Active and Passive Euthanasia Essay

704 Words 3 Pages
In 1973 the American Medical Association adopted a statement forbidding ‘mercy killing’ but allowing the cessation of treatment when requested by an incurable patient. In his essay “Active and Passive Euthanasia” James Rachels argues that active euthanasia should be avoided only to satisfy the law, not because of any perceived moral difference between active and passive. Rachels’ essay gives a convincing, logical argument to allow active euthanasia in certain cases. Rachels questions the doctrine that the AMA sets forth regarding intentional termination versus not using extraordinary means. He points out that in some cases withholding treatment can cause more pain and longer suffering. His argument may be questionable because he …show more content…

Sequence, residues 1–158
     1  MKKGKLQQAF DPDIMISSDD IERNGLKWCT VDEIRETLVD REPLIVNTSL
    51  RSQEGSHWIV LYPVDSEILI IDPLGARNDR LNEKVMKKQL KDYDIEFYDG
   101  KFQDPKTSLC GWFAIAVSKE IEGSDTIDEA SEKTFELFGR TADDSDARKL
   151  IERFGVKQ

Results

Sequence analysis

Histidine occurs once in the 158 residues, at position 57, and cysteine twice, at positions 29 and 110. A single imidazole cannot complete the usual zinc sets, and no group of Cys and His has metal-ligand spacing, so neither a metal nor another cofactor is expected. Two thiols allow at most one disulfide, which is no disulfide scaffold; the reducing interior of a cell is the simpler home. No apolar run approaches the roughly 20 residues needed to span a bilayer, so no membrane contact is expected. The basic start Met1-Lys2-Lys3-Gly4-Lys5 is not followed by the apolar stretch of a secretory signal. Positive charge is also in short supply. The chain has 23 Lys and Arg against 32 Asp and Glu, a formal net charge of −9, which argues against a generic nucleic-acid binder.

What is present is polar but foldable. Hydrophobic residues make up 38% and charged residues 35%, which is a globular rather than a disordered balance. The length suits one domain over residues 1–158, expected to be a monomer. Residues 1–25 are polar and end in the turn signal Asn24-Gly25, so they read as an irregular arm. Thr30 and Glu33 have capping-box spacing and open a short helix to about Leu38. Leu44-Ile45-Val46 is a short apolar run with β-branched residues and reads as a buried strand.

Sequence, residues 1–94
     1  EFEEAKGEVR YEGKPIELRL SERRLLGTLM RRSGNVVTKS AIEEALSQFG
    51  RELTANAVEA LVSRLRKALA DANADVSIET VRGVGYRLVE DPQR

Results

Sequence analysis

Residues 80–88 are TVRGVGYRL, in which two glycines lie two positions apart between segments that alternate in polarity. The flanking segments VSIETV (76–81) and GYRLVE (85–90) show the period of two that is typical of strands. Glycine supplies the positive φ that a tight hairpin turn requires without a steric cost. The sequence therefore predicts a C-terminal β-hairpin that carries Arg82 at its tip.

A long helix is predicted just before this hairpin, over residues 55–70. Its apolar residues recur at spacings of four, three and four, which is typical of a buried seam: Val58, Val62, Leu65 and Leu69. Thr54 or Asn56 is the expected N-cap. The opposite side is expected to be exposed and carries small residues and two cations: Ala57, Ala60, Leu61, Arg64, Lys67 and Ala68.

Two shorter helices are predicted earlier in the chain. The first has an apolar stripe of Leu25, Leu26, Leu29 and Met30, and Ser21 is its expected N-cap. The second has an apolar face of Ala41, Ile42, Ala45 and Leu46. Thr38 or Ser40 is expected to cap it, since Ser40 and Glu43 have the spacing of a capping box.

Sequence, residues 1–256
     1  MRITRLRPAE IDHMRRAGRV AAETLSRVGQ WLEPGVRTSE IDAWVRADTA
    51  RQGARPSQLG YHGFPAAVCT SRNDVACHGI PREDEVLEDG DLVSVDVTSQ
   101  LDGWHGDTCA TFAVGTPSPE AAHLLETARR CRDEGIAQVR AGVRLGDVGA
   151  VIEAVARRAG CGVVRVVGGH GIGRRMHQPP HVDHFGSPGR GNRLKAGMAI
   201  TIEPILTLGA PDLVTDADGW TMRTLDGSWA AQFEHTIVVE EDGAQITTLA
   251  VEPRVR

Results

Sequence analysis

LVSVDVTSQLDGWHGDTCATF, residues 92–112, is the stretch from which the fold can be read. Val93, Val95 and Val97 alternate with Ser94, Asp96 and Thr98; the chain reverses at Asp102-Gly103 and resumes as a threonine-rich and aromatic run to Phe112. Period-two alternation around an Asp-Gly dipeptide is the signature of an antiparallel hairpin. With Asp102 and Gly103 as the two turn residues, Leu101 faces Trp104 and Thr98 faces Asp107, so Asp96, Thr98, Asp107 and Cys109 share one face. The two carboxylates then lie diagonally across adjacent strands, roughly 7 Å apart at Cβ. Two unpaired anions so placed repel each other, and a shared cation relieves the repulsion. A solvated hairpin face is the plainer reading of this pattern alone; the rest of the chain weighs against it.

This argument makes sense because, as Rachels points out, it is the Downs syndrome, not the intestinal blockage, that is the reason for allowing the infant to die. Using the active versus passive euthanasia guidelines that the AMA puts forth makes for a false sense of morality. Is killing someone morally worse than letting someone die? By giving the reader similar examples to compare, Rachels points out that it is motive, not means, that makes the moral difference. In an example of two men who profit from the death of a younger cousin, Rachels describes one man holding the child’s head under water while the other merely watches the child drown in the bath and does nothing to help. In a courtroom the defense that he just “didn’t do anything except stand there and watch” (Rachels 532) would be no defense at all. This also makes sense because it was the actions of both men that caused the boys death. Doing nothing is still an action. Rachels says that if “a doctor lets a patient die for humane reasons he is in the same moral position as if he had given the patient a lethal injection for humane reasons.” (Rachels 533) The AMA policy of being against “the intentional termination of the life of one human being by another” (Rachels 533) is the crucial issue. Rachels believes that mercy killing and allowing one to die are both “intentional termination of life.” (533) Rachels

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